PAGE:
‘There’s no Obstacle Too Big’ to Derail Association’s Annual Event

In the first in a series on how event professionals deal with uncertainty, the head of the Insurance Accounting and Systems Association reflects on what she learned from her experience navigating a double whammy — a COVID surge and hurricane — happening at the same time as her annual in-person conference.

Author: Jennifer N. Dienst       

IASA 2019

In 2021, the IASA Xchange conference, scheduled to take place in person in New Orleans, faced both a COVID-19 surge and Hurricane Ida, resulting in a move to an all-digital event. (Courtesy IASA)

The last time Convene checked in with Kerry Crockett, MBA, CAE, CMP Fellow, DES, the CEO of the Insurance Accounting and Systems Association (IASA), she was in the midst of finalizing plans for her annual event in a rapidly shifting environment. It was August 2021 and Crockett and her team were just weeks away from the kickoff of their annual conference, IASA XchangeTM in New Orleans, when they decided to switch to a vaccination-only policy due to a rapid surge in COVID-19 cases due to the Delta variant. Some of the hundreds of in-person registrants started canceling as a result, but then the requirement became more than an association policy — the mayor of New Orleans announced a new citywide mandate requiring proof of vaccination or proof of a negative PCR test at all public spaces.

When Convene spoke with Crockett last summer, COVID was the only ever-evolving external factor she was closely monitoring. Then, just a short time after our interview and just days before the event, Crockett found herself up against a more formidable challenge — category-four Hurricane Ida.

We recently checked back in with Crockett to see how she handled a major weather event that ended up superseding the COVID crisis and what she learned in the process.

“We arrived on Thursday, made the call to cancel Friday morning, and we were on a plane home by Friday afternoon,” Crockett recalled. She “spent the time at the airport and during the flight, as well as all day until midnight Saturday working to convert most of the in-person sessions to virtual.” The efforts paid off. The virtual meeting — a version of which had been planned all along to complement the in-person event — went off without a hitch.

Crockett is no stranger to quick decisions and big leaps of faith. She worked for years as an occupational therapist, until a one-off stint working registration at the United States & Canadian Academy of Pathology’s (USCAP) conference changed her career path. She said she fell in love with the industry, and a year later, she stepped into the executive director role, planning meetings for its 10,000-plus members. “Throughout my life and throughout my career, that’s really what my mentality has been — you have to take that chance and you have to go for it, or you’re going to miss out on a lot of great opportunities,” she said. “And had I said no to this, I would’ve missed out on an entire career.”

Crockett shared with Convene how she navigates uncertainty as the leader of an association that represents a sector of the risk-management profession.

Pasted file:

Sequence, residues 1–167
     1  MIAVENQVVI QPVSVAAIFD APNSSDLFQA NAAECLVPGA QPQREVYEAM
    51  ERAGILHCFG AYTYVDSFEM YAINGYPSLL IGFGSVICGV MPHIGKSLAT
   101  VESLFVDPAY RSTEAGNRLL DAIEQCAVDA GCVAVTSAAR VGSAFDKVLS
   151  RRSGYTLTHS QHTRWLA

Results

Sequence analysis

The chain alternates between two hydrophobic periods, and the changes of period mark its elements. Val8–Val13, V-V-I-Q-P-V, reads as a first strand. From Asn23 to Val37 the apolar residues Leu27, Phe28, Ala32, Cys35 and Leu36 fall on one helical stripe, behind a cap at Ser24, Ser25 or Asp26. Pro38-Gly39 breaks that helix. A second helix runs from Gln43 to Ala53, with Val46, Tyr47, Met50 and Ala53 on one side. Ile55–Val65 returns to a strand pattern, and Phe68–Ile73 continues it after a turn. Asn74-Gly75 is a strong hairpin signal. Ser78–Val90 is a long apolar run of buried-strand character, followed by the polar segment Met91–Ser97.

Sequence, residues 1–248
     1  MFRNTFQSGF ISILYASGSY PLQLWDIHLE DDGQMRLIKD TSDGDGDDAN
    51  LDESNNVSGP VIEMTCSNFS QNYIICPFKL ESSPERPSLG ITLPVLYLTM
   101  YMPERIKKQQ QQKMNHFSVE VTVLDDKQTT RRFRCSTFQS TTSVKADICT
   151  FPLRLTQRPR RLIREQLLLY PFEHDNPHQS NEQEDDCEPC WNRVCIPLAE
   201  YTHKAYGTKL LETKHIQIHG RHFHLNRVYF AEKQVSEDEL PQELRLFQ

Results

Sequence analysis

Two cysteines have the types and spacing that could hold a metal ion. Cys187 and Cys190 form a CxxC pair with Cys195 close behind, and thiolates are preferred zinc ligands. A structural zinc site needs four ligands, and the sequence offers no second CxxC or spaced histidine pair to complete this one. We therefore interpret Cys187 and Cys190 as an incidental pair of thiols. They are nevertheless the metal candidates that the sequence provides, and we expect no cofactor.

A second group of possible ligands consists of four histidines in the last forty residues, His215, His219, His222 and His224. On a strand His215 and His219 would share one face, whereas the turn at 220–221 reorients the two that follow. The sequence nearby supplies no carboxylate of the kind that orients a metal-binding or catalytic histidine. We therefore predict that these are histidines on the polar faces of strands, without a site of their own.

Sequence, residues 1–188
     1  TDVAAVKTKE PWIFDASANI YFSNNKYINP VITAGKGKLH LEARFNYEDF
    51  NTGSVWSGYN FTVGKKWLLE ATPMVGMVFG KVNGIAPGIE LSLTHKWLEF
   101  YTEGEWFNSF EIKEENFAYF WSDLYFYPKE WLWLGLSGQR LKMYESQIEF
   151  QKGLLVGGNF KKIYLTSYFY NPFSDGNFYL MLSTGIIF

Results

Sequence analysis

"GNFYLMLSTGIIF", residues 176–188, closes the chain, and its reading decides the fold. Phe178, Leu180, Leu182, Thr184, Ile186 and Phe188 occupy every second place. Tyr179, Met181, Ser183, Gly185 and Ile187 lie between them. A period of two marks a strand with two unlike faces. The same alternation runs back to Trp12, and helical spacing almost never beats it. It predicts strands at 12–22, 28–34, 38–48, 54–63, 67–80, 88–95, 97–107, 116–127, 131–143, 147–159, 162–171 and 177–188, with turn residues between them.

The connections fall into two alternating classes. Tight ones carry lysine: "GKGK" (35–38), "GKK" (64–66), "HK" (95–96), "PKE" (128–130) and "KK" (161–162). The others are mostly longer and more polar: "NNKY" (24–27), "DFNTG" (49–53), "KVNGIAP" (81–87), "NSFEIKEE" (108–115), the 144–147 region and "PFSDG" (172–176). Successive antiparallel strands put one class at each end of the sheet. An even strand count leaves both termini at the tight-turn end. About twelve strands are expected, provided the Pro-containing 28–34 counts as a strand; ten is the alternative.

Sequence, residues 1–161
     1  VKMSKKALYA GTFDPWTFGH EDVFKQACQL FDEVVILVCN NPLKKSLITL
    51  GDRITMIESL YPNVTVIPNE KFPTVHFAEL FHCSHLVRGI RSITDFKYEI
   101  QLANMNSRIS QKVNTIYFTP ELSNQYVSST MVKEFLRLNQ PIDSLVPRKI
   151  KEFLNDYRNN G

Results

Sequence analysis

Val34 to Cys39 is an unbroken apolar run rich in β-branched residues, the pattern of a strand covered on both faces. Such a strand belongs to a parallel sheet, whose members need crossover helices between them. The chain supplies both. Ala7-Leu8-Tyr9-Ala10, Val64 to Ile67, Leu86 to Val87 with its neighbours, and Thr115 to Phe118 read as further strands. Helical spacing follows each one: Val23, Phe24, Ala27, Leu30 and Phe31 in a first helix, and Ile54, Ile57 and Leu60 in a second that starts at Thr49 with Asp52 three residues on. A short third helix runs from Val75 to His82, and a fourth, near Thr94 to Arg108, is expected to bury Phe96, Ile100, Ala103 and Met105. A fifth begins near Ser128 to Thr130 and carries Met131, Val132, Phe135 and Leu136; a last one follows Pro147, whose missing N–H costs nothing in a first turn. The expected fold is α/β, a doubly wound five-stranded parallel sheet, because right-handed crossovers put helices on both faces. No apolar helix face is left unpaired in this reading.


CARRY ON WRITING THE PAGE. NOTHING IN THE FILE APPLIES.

What we’re doing here is not life or death. If we can solve some of these issues and nobody else outside of us knows what’s going on and they only see a great event — we’ve won.”

Kerry Crockett, CEO of the Insurance Accounting and Systems Association

Looking back to IASA’s 2021 conference — I’m sure that was a wild ride, filled with uncertainty. Did you come away with any wisdom from that experience?

I think the thing that I and my team came away with was that feeling of resiliency and feeling like there’s no obstacle too big that we can’t handle. The fact that we were able to turn that around in two days, working from the plane and the airport … it gave me a boost of confidence in our team, knowing we could do that.

Something I say to my team all the time, is, what we’re doing here is not life or death. If we can solve some of these issues and nobody else outside of us knows what’s going on and they only see a great event — we’ve won.

If the pandemic taught us anything, it’s that nothing in life is guaranteed. Everything that we counted on every day as staples in our lives — whether it’s people (I lost my father-in-law to COVID), whether [it’s] an event, or the cost of things — went out the window.

Did that experience result in changes to the way you approach your events — for example, contingency planning?

We’re talking now more about contingency plans. We’ve got cancellation insurance and that’s been a standard throughout, but it’s about … if things do happen on site … whether it’s a medical emergency or a bomb threat, making sure that we have something in place to carry us through.

In future years, I will be making sure that we take a better look at what’s happening in a location or the timing of the year around the location before we decide if this is going to be smart for us to book. There’s risk everywhere, but there are some things that we can do to make sure that we’re not walking face-first into something that could smack us pretty good.

Have the past two years helped you deal with uncertainty? Are you getting more comfortable with it?

The big thing that I’ve learned is if someone is depending on you, you just have to manage their expectations the best that you can. That means open and honest and frequent dialogue around whatever the uncertainty is because if I’m feeling something is uncertain … I know that my team or the board or other stakeholders [are feeling it] 10 times more.

Jennifer N. Dienst is senior editor at Convene.

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